Imagine you're at the hospital for a surgical procedure and the physician shows up wearing a dirty coat. Worse yet: He doesn’t take the time to wash his hands.
You’d probably be more than just a little worried, right?
Believe it or not, this was a common scenario little more than a century ago—until 1888, when Johnson & Johnson helped introduce the concept of sterile surgery by publishing a first-of-its-kind educational manual, Modern Methods of Antiseptic Wound Treatment, which explained how to prevent the spread of infection-causing microorganisms during surgery.
Germs? What Germs? A Look at the Medical Landscape in 1888
Although it may seem like common sense today, using sterile surgical supplies and instruments during operations to help prevent potentially life-threatening complications was an entirely new concept in the late 1800s—and there were many critics.
“Some people found it hard to believe that invisible germs were causing the sky-high rates of postsurgical infections during that time,” explains, Johnson & Johnson's Chief Historian. “And surgeons who did want to try antiseptic surgery often lacked the resources and the technical know-how.”
Realizing there was a public health need, company founder Robert Wood Johnson and his brothers—who pioneered such mass-produced modern surgical materials as sterilized sutures and aseptic gauze—decided to publish a guidebook for those surgeons.
They enlisted the help of a scientist named Fred Kilmer, who owned a pharmacy near Johnson & Johnson’s headquarters in New Brunswick, New Jersey. Kilmer—who would later become the company’s scientific director—in turn asked several leading practitioners of the day to contribute to the manual. In addition to featuring step-by-step instructions for how to perform antiseptic surgery, Modern Methods of Antiseptic Wound Treatment also included advice for sterilizing common household objects, such as a kitchen table (shown above), since many doctors didn't have access to hospital operating rooms.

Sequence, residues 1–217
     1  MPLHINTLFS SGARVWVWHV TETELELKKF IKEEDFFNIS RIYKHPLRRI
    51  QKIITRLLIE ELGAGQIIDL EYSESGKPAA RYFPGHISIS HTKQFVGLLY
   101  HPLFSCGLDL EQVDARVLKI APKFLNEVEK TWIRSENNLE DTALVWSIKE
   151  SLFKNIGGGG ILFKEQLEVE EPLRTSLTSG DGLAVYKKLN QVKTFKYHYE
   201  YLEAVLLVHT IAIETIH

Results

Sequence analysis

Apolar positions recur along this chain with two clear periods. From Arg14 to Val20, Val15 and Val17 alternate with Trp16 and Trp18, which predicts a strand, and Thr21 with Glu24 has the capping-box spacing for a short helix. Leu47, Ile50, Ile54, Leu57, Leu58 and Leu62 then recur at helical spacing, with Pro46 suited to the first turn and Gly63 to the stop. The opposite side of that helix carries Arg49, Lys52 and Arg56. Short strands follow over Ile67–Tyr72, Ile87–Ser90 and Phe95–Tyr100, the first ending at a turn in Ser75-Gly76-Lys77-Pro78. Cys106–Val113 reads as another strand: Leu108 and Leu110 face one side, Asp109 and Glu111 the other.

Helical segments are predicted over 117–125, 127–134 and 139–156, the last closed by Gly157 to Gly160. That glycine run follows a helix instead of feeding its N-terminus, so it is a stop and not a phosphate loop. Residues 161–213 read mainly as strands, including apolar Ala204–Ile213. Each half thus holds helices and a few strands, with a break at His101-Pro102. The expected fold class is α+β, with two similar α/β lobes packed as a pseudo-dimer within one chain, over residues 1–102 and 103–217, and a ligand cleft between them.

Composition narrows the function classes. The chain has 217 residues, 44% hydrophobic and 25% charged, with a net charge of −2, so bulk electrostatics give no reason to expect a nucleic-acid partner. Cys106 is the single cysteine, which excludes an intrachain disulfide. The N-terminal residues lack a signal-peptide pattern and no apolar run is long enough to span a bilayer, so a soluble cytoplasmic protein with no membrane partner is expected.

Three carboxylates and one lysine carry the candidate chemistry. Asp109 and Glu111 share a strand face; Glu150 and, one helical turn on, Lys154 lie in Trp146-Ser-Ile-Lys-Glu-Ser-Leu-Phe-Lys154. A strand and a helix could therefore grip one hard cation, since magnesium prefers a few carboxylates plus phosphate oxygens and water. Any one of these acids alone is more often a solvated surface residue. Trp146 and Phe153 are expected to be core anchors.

The book also urged physicians to trade out their never-washed black frock coats—traditional surgeon’s garb at the time—for clean white jackets (sound familiar?), and to wash their hands thoroughly before beginning a procedure.
The combination of the manual and the company’s ready-to-use sterile products put modern surgical practices within the reach of most doctors and hospitals for the first time.Share
Spreading the Word About Sterile Surgery
Within a matter of months, Johnson & Johnson had distributed 85,000 copies of the manual—free of charge—to doctors, surgeons and retail pharmacists across the United States. And by 1891, the manual had been translated into both Spanish and French. Ultimately, 4.5 million copies were circulated worldwide.
“The booklet became one of the leading treatises on how to do antiseptic surgery,” Gurowitz says. “The combination of the manual and the company’s ready-to-use sterile products put modern surgical practices within the reach of most doctors and hospitals for the first time.”
And that tradition continues today with such free digital manuals as the Johnson & Johnson Wound Care Resource™ App, which outlines how to properly care for wounds—using sterile practices, of course.
Learn more about the World Health Organization’s Save Lives: Clean Your Hands campaign, which is a global call to action for health workers to help prevent sepsis.